Vitry [the director who made a film of Vans novel Letters from Terra] dated Theresas visit to Antiterra as taking place in 1940, but 1940 by the Terranean calendar, and about 1890 by ours. The conceit allowed certain pleasing dips into the modes and manners of our past (did you remember that horses wore hats yes, hats when heat waves swept Manhattan?) and gave the impression which physics-fiction literature had much exploited of the capsulist traveling backward in terms of time. Philosophers asked nasty questions, but were ignored by the wishing-to-be-gulled moviegoers. (5.5)


At the beginning of his essay on Mayakovski, Dekoltirovannaya loshad (Decolletted Horse, 1927), Khodasevich mentions a horse wearing a ladys hat that he saw in a circus:


֧էѧӧ ֧ҧ ݧѧէ, ڧ٧ҧѧاѧ ѧ ѧߧԧݧڧѧߧܧ. էѧާܧ ݧܧ, ӧ֧ѧާ ֧ާ, ٧ӧ ݧѧ, ܧܧڧާ ܧѧӧѧާ ٧ӧ ֧ ӧܧ ԧڧԧѧߧܧԧ ӧߧԧ է֧ܧݧ, ߧ էڧ ߧ ٧ѧէߧڧ ߧԧѧ, ߧ֧ݧ֧ ӧԧڧӧѧ ҧ֧ܧߧ֧ߧ ֧ ܧѧݧ اקݧ ٧ҧ.


In his essay Khodasevich compares VNs late namesake to a horse (wearing not a ladys hat, though, but a Jacobins cap):


, էݧ ԧ էݧ ާߧԧԧ "ާ էҧߧԧ" ѧܧӧܧڧ ߧѧ֧ ӧѧ٧ڧ֧ݧߧ֧ۧڧ, ݧڧߧ ѧӧݧ֧ߧߧ ާ. ߧѧԧѧէ ٧ ܧݧѧ ݧӧ ֧֧ اק ҧڧܧ, ߧ ҧا֧. ӧ ҧا, է֧ܧݧڧӧѧߧߧѧ ݧѧէ ӧ٧ԧާ٧էڧݧѧ ٧ , -- ܧѧ ԧէ, ڧܧ. ݧ ߧ էѧާܧ ݧܧ, ܧݧѧܧ ܧҧڧߧ. էԧ էڧߧѧܧӧ ֧ ڧѧݧ.


Like Phrygian caps, the caps of Jacobins were red. In his poem Tovarishcham (To my Comrades, 1817) Pushkin asks his schoolmates to leave him his red cap (ostavte krasnyi mne kolpak). In his poem To V. S. Filimonov at Receiving his Poem The Dunces Cap (1828) Pushkin says that his old cap is worn out and thrown away and that red color is not in fashion these days:


ѧ ާ٧, ާڧݧ ѧܧ,
ݧѧ ӧ٧ѧݧ էҧ ѧ,
, ڧ֧ڧ ߧ֧ާ ԧ֧ާܧ,
ѧ ֧ ߧѧէ֧ ֧ԧ ߧ ӧѧ.
֧ݧ ا ާߧ ҧ
֧ ӧѧާ ߧߧ ֧ԧݧߧ
ܧӧ֧ߧߧ ѧ٧ԧӧ,
ѧ ӧ, ߧ ާߧԧ ӧ٧ԧݧߧ;
ѧ ާ ܧݧѧ ڧ٧ߧ֧,
ݧҧڧ ֧ԧ ;
ߧ֧ӧݧ ާߧ ٧ѧҧ֧:
ާէ ߧߧ ܧѧߧ ӧ֧.
ѧ, ٧ߧѧ ާڧߧԧ ڧӧ֧,
ߧڧާѧ ݧ, ҧ ֧ݧ,
٧ߧѧ ڧݧ-
اߧ ܧݧѧܧ.


So, as a sign of peaceful salute,

I take off my hat with a bow,

having recognized the poet-philosopher

under his wary cap.


The title of Filimonovs poem in the original, Duratskiy kolpak, brings to mind Durak Walter (Marinas husband who is also known as Red Veen):


On April 23, 1869, in drizzly and warm, gauzy and green Kaluga, Aqua, aged twenty-five and afflicted with her usual vernal migraine, married Walter D. Veen, a Manhattan banker of ancient Anglo-Irish ancestry who had long conducted, and was soon to resume intermittently, a passionate affair with Marina. The latter, some time in 1871, married her first lovers first cousin, also Walter D. Veen, a quite as opulent, but much duller, chap.

The D in the name of Aquas husband stood for Demon (a form of Demian or Dementius), and thus was he called by his kin. In society he was generally known as Raven Veen or simply Dark Walter to distinguish him from Marinas husband, Durak Walter or simply Red Veen. (1.1)


Durak is Russian for fool. At the picnic on Adas sixteenth birthday Uncle Dan wears a straw hat:


In the meantime, Uncle Dan, very dapper in cherry-striped blazer and variety-comic straw hat, feeling considerably intrigued by the presence of the adjacent picnickers, walked over to them with his glass of Hero wine in one hand and a caviar canap in the other. (1.39)


Describing Daniel Veens death, Van compares him to a crippled steed:


According to Bess (which is fiend in Russian), Dans buxom but otherwise disgusting nurse, whom he preferred to all others and had taken to Ardis because she managed to extract orally a few last drops of play-zero (as the old whore called it) out of his poor body, he had been complaining for some time, even before Adas sudden departure, that a devil combining the characteristics of a frog and a rodent desired to straddle him and ride him to the torture house of eternity. To Dr Nikulin Dan described his rider as black, pale-bellied, with a black dorsal buckler shining like a dung beetles back and with a knife in his raised forelimb. On a very cold morning in late January Dan had somehow escaped, through a basement maze and a toolroom, into the brown shrubbery of Ardis; he was naked except for a red bath towel which trailed from his rump like a kind of caparison, and, despite the rough going, had crawled on all fours, like a crippled steed under an invisible rider, deep into the wooded landscape. (2.10)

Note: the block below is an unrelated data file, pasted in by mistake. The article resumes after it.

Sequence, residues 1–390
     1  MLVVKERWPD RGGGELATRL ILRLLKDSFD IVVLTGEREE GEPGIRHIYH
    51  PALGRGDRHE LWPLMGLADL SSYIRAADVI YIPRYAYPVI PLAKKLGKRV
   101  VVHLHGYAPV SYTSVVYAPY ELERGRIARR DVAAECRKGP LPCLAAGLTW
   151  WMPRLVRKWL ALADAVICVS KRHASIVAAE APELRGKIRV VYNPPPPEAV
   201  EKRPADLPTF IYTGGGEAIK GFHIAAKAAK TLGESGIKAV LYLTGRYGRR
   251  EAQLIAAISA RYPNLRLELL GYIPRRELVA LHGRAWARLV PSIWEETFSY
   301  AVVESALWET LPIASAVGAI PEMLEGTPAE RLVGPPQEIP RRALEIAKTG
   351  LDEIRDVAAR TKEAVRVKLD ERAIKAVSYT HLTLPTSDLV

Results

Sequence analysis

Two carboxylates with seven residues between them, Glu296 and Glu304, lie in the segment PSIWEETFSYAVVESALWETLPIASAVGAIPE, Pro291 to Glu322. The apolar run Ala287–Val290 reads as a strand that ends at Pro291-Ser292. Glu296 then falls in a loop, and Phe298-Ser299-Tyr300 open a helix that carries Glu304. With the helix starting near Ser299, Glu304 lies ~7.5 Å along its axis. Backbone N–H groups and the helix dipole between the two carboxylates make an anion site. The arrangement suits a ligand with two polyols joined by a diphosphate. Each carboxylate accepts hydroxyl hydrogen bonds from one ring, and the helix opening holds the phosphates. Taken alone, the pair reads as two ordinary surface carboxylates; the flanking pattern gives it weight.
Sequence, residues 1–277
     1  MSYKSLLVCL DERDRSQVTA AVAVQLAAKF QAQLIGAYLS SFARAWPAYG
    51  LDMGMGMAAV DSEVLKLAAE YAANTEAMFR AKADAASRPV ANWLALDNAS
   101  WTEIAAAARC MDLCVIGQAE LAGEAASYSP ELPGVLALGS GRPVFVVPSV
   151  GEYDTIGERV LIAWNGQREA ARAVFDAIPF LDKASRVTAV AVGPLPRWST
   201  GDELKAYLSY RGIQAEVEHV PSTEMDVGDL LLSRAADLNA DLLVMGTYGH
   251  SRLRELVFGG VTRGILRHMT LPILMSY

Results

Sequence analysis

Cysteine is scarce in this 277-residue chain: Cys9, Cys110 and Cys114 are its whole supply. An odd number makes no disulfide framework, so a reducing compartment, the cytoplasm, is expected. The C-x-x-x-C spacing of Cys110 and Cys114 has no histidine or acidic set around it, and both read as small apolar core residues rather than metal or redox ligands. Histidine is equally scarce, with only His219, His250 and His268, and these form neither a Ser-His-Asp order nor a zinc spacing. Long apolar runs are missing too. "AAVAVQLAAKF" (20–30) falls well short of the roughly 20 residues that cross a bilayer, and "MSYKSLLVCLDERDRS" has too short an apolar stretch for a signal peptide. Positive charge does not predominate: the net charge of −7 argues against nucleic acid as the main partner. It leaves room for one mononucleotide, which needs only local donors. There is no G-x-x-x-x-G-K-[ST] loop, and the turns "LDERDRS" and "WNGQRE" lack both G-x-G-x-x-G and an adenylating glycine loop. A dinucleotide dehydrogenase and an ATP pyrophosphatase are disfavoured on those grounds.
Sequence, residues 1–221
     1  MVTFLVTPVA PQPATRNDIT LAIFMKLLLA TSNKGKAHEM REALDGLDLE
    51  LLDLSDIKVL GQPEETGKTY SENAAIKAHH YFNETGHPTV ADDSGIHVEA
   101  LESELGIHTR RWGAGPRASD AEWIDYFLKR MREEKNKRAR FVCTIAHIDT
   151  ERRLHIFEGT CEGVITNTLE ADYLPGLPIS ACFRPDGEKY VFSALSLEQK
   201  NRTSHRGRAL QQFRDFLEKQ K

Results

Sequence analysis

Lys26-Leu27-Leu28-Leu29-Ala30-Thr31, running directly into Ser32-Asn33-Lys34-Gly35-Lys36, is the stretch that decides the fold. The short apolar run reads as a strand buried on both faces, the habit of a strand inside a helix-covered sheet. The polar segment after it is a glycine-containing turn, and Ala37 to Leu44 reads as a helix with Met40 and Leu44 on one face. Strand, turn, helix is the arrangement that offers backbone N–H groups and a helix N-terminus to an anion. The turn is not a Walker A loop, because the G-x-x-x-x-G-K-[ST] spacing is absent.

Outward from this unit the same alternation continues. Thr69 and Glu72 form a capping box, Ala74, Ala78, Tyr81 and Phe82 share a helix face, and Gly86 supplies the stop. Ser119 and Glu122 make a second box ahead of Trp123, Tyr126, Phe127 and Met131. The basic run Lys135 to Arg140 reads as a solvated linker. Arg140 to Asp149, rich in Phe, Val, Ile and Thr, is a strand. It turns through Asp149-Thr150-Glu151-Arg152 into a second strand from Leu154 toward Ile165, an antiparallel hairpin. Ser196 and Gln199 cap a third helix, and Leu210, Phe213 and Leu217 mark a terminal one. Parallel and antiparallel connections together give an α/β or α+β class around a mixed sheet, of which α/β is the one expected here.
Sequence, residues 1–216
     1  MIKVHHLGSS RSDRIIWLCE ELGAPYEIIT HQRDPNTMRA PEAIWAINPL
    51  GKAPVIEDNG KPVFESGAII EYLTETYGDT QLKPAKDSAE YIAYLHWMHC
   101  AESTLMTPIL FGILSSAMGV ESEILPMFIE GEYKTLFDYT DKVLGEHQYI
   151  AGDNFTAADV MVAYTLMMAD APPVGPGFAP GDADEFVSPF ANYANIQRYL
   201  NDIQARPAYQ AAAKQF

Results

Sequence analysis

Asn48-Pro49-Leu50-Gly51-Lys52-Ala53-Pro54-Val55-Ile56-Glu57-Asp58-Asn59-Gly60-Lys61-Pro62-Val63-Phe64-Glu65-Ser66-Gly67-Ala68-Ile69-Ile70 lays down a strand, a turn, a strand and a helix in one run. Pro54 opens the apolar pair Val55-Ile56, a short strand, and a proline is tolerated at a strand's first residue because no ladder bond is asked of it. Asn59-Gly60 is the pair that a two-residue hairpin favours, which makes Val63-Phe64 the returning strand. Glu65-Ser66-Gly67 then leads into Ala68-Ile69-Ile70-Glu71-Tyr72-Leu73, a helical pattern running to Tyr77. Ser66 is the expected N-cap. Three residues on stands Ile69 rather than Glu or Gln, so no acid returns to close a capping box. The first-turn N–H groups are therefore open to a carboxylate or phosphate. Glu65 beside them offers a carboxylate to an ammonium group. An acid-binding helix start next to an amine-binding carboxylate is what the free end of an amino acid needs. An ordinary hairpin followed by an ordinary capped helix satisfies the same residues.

Demon Veen (Vans and Adas father who tells Van about Uncle Dans death) and Baron dOnsky (Marinas lover whose nickname, Skonky, is an anagram of konskiy, of a horse) have the same London hatter:


Both men were a little drunk, and Demon secretly wondered if the rather banal resemblance of that Edenic girl to a young actress, whom his visitor had no doubt seen on the stage in Eugene and Lara or Lenore Raven (both painfully panned by a disgustingly incorruptible young critic), should be, or would be, commented upon. It was not: such nymphs were really very much alike because of their elemental limpidity since the similarities of young bodies of water are but murmurs of natural innocence and double-talk mirrors, thats my hat, his is older, but we have the same London hatter. (1.2)


The name of Demons rival seems to hint at Onegins Don stallion in Pushkins Eugene Onegin (Two: V: 1-8):


ߧѧѧݧ ӧ ߧ֧ާ ֧٧اѧݧ;
ѧ ܧѧ ٧ѧէߧ֧ԧ ܧݧ
ҧܧߧӧ֧ߧߧ էѧӧѧݧ
ާ էߧܧԧ ا֧֧ҧ,
ڧ ݧܧ ӧէݧ ҧݧ էԧ
ѧݧڧ ڧ էާѧߧ էԧ, -
ܧ ܧҧ ѧܧڧ,
էاҧ ֧ܧѧڧݧ ߧڧ.


At first they all would call on him,

but since to the back porch

there was habitually brought

a Don stallion for him

the moment that along the highway

one heard their homely shandrydans -

outraged by such behavior,

they all ceased to be friends with him.


Demons and dOnskys London hatter brings to mind staraya anglichanka (an old Englishwoman) mentioned by Khodasevich at the beginning of his essay on Mayakovski:


Imagine a horse impersonating an old Englishwoman


Alexey Sklyarenko

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